Agri Hour

Looking to farm something different this year? Try snails, if you have the patience

───   ELSABÉ RICHARD 05:30 Tue, 11 Jan 2022

Looking to farm something different this year? Try snails, if you have the patience | News Article
Image: Helix SA Snail Farm (Facebook)

There are numerous options to choose from when it comes to agriculture and farming. One option is farming with snails. However, this type of farming requires a patient farmer who understands the challenges that may come with this type of farming.

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Annie Roux, from Helix SA Snail Farm in Centurion, Gauteng, shares that snail farming has been in South Africa for the past eight years but has only been in commercial farms for the past two years.

She emphasises that snail farming is not a get-rich-quick scheme and that it is based on numbers. This means that the more snails, the better the income.

Snails can only be harvested every nine months and breeders need to be replaced on an annual basis.

“We work on a natural mortality rate for babies around 30% and our current selling price is R1.00 a [mature] snail,” says Roux.

There are numerous risks involved too. “Snails unfortunately are on the bottom of the food chain, so everything wants to eat it… It is very important to control that. Hygiene obviously is of vital importance as snails do tend to get nematodes, viruses, and bacteria.

“Our biggest enemy so far this year has been uncontrollable weather conditions where you have 35 to 36 degrees and then overnight it starts raining and then it gets to 18 to 20 degrees.

“And then the biggest, biggest problem that snail farmers experience is overpopulation. It has to be controlled to 250 snails per square meter.”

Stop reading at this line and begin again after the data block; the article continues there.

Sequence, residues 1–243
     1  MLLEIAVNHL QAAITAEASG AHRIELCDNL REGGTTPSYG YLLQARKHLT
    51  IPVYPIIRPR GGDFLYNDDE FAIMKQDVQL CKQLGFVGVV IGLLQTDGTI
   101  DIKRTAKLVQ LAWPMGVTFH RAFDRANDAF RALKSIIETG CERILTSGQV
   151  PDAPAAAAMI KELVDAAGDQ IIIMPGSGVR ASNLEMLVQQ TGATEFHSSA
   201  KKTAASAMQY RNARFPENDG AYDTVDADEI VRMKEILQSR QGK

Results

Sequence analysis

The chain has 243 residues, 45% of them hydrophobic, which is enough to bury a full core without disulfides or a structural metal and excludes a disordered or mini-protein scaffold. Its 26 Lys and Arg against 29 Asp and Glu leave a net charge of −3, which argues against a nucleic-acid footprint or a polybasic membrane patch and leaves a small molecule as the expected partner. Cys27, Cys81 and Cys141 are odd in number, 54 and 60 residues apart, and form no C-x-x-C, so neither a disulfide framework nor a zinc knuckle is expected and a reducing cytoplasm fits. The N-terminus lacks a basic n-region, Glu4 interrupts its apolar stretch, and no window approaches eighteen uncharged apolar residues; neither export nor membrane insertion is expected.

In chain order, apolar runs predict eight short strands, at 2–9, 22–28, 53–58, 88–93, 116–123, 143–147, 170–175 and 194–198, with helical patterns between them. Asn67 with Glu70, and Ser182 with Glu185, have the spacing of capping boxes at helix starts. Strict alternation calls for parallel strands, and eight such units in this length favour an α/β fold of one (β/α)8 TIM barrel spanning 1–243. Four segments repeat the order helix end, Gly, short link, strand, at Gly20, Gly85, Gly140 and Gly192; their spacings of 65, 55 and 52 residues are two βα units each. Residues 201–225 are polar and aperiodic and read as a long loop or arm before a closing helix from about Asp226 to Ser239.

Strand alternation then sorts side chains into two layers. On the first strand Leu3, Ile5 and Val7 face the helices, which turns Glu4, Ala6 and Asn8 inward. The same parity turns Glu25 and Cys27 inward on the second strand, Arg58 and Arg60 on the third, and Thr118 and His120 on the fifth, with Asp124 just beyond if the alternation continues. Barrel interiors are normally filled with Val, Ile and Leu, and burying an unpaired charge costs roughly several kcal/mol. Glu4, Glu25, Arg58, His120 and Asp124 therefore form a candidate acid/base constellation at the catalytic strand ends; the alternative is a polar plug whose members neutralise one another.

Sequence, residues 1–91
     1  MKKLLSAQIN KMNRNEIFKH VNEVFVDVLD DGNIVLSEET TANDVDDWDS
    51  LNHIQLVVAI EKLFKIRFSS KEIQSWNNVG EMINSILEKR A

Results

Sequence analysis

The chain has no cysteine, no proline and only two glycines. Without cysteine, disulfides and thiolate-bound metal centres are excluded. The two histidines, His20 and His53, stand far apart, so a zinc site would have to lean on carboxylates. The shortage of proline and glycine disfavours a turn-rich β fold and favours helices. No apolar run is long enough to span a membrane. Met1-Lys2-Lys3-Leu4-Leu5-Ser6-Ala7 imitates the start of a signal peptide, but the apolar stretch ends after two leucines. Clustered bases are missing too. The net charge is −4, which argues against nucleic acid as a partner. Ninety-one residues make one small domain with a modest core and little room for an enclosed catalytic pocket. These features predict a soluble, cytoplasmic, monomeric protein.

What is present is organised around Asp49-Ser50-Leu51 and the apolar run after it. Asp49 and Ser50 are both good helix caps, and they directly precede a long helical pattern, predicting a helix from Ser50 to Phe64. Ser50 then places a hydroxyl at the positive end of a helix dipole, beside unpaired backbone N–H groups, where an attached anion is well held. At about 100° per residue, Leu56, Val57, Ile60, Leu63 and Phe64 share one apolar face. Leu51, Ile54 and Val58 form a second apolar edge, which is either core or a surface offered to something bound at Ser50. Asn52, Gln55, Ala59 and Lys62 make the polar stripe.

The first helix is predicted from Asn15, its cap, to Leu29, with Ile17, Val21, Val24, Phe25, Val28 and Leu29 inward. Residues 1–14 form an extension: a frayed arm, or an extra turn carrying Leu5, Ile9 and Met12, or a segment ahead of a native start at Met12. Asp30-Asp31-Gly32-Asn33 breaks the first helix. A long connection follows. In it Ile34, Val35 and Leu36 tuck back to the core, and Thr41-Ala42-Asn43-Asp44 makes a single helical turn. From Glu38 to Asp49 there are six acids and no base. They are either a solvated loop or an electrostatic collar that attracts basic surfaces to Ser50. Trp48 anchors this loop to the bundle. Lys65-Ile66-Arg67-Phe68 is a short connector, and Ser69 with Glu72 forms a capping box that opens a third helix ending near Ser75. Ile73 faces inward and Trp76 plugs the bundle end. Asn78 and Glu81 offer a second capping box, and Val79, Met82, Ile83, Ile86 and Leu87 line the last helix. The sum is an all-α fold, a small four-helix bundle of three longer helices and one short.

Roux explains that if snails are overpopulated it will result in dwarfism.

Demand for snails in SA 

There are currently two offset markets in SA. Roux says the first offset market is for human consumption with a yearly shortage of about 200 tons.

The second offset market for snails is the cosmetic and animal food manufacturing industry. Roux says with this market, there is a shortage of about 150 tons a year.

Adding to that, the export market is in excess of 400 tons a year. “Currently we can’t look at the export market because we can’t even supply enough to the local markets.”


She explains that snails only eat at night as they are nocturnal. By taking hands with an animal food specialist about two years ago, Roux was able to develop specialised food for snails which is a total protein-based dry food that contains all the necessary proteins, calcium, vitamins, and minerals.

Snails can be farmed in three ways

  • Indoor farming. By making use of this type of farming means that you will be able to have control over the environment. This means that you can control the humidity, how dark or light it is inside as well as the temperature.
  • Outdoor farming. When making use of this option, snails can be kept in a shade net house under wooden pallets.
  • Outdoors under a shade net house with a curtain method.

“All three the above have been proven successful,” confirms Roux.

If you would like to learn more about farming with snails or would like to buy premium snail food, visit or Helix SA Snail Farm on Facebook.

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